Sustainability is expressed as meeting present environmental, social, and economic needs without compromising these factors for future generations A practice cannot be said to be 'sustainable for X years/generations.' The use of any span of time disqualifies the activity. Sustainability is for perpetuity.
Sustainability also means greater efficiency in resource use, ultimately giving benefits to economic growth and overcoming poverty, as well as health and quality of life.
Sustainable design and sustainable development are critical factors to sustainable living. Sustainable design encompasses the development of appropriate technology, which is a staple of sustainable living practices. Sustainable development in turn is the use of these technologies in infrastructure. Sustainable architecture (see Green building) and agriculture are the most common examples of this practice.
Industrial hand pumps, such as the Indian Mark II, for communal wells donated by development projects often break down after two years. If maintenance costs are the responsibility of the users, then this cost is too high when repairs prove necessary and the pump is left nonfunctional.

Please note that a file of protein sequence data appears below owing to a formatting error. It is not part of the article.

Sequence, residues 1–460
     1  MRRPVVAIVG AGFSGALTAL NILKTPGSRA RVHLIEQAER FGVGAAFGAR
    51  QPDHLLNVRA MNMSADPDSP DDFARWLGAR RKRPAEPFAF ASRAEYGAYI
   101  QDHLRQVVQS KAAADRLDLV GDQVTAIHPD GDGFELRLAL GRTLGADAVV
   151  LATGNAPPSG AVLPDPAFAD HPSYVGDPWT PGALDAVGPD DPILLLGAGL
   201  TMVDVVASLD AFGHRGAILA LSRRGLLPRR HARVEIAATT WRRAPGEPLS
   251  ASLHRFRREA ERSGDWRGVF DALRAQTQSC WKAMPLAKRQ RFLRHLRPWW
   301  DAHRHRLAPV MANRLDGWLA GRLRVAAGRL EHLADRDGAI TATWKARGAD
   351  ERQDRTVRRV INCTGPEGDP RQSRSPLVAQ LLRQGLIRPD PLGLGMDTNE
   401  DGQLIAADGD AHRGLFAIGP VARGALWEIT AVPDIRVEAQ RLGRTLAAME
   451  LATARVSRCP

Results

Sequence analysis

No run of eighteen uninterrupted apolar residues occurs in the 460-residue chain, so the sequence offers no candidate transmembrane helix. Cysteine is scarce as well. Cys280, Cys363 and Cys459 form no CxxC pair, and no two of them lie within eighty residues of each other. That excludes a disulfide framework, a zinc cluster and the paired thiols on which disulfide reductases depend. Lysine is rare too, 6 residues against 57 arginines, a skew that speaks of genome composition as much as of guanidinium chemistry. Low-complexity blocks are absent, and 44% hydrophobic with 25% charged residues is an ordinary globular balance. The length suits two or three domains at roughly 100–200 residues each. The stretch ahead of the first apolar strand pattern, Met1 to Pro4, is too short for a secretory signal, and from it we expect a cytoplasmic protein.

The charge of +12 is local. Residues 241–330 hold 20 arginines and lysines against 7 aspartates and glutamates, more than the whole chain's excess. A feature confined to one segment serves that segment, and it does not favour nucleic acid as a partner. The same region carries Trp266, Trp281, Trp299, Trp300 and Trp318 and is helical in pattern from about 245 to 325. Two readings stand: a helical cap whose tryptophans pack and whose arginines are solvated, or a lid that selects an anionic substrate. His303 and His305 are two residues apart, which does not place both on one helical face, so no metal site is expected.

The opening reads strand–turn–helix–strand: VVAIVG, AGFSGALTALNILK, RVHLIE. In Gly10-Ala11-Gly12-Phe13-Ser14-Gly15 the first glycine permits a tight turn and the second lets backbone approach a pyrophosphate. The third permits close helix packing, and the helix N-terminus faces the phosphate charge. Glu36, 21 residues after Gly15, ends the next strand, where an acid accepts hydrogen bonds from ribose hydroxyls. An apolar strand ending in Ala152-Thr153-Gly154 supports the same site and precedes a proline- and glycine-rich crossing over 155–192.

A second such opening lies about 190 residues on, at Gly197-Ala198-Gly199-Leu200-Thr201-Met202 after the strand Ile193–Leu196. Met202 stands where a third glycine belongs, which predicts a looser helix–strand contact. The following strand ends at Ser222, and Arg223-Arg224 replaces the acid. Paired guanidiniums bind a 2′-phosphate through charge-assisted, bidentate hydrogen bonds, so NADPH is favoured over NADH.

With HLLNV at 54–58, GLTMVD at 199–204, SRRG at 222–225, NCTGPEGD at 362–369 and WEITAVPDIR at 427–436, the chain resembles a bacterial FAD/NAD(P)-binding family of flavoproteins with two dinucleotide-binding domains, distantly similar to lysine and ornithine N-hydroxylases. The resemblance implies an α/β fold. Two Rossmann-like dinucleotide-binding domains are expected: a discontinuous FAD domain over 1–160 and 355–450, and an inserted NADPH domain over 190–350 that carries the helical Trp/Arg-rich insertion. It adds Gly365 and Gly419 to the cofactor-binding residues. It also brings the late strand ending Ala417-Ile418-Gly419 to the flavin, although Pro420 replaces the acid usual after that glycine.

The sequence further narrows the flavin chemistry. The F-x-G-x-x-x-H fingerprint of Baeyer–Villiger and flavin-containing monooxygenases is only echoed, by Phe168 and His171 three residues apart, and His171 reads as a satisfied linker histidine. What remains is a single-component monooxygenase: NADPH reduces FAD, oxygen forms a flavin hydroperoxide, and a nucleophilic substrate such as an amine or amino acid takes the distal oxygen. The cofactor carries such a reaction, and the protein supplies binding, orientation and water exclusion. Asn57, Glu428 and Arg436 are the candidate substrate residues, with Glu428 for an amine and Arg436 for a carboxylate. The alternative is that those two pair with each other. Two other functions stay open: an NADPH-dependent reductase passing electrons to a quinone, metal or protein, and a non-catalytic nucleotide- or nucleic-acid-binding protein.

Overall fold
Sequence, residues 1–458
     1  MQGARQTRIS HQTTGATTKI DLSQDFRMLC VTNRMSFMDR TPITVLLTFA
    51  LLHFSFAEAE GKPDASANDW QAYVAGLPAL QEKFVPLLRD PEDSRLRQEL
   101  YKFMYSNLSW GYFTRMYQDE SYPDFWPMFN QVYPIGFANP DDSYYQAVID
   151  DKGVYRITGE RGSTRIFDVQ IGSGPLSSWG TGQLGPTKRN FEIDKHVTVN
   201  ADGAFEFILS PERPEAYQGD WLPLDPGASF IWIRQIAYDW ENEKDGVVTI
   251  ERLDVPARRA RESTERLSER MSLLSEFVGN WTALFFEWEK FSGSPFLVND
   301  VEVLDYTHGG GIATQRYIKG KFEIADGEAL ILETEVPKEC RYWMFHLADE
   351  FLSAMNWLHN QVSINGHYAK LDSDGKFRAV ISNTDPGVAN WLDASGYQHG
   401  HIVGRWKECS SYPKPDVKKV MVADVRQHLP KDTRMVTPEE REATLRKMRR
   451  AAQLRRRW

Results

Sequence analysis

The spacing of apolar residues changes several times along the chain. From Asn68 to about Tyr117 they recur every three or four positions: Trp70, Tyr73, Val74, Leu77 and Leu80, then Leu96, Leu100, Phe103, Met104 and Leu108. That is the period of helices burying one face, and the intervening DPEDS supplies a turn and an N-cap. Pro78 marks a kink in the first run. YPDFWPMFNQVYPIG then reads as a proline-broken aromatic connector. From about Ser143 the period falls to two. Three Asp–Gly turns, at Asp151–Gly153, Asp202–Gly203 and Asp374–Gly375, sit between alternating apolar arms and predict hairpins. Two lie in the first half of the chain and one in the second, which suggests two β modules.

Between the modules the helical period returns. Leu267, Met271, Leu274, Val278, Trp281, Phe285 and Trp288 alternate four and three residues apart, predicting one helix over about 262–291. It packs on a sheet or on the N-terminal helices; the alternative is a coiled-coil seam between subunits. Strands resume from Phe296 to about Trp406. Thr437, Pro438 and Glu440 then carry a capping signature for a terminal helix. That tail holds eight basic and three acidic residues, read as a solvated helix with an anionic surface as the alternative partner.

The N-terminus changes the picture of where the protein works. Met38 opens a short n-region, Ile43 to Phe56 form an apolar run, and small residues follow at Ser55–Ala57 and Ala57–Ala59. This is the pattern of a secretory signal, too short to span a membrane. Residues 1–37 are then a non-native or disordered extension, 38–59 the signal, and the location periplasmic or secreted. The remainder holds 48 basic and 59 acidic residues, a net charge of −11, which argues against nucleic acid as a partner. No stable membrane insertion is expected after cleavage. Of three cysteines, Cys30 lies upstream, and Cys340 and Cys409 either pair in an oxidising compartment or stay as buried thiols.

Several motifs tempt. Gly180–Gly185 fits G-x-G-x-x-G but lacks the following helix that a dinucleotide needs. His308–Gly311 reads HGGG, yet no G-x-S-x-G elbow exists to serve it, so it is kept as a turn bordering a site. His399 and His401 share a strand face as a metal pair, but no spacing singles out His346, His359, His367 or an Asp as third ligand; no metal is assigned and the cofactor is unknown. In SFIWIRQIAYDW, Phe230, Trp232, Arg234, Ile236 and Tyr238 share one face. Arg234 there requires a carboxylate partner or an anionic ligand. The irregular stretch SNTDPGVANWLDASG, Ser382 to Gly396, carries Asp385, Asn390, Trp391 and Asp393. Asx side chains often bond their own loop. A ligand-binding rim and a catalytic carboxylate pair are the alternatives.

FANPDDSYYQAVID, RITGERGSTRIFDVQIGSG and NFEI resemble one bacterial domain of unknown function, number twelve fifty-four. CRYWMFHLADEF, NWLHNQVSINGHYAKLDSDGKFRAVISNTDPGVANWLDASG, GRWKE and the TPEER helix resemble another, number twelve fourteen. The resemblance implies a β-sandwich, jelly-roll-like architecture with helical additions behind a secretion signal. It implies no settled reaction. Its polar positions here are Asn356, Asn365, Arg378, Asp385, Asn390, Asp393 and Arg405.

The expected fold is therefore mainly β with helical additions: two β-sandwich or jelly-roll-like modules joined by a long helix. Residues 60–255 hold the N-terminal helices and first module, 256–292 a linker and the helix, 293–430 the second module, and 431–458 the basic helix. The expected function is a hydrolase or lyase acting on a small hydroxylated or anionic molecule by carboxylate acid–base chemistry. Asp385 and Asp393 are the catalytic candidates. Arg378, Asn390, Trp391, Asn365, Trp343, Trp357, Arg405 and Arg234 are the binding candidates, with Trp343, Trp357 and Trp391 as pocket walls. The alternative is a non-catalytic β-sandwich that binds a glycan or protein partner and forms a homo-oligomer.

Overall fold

An alternative reliable hand pump is needed for communal and private use to supply clean drinking water and irrigation. These pumps will raise the standard of living if they are low cost, reliable and pump water effectively. Efficiency is critical to irrigate a garden in the dry season due to the relatively large amount of water involved. Such gardens provide food and increased income.
Local affordability, maintenance and good pump efficiency are required features. Local affordability means a twenty-to-hundred-fold cost reduction compared to imported industrial goods. Local maintenance is only possible when made with local resources and skills.
A very hot (400 °F) parabolic solar cooker. Made from an reclaimed satellite dish using bicycle powered tools.